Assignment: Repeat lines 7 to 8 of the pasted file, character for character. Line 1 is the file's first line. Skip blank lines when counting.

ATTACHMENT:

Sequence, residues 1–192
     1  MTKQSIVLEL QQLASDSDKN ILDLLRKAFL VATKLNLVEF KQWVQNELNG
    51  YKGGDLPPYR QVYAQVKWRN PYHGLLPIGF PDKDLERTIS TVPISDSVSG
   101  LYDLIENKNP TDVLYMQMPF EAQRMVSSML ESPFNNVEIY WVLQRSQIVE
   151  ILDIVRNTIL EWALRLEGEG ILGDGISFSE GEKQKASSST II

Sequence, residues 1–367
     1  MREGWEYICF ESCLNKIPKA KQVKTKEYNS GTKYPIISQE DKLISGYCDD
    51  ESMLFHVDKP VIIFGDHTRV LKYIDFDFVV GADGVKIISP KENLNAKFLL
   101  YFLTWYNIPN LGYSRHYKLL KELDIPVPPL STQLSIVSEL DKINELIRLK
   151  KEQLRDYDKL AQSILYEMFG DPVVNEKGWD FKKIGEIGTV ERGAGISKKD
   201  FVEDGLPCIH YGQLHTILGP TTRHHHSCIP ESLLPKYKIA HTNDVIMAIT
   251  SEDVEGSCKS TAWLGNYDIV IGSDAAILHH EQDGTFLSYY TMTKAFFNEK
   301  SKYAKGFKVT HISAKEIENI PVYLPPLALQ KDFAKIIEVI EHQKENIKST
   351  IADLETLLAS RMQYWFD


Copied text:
     1  MREGWEYICF ESCLNKIPKA KQVKTKEYNS GTKYPIISQE DKLISGYCDD
    51  ESMLFHVDKP VIIFGDHTRV LKYIDFDFVV GADGVKIISP KENLNAKFLL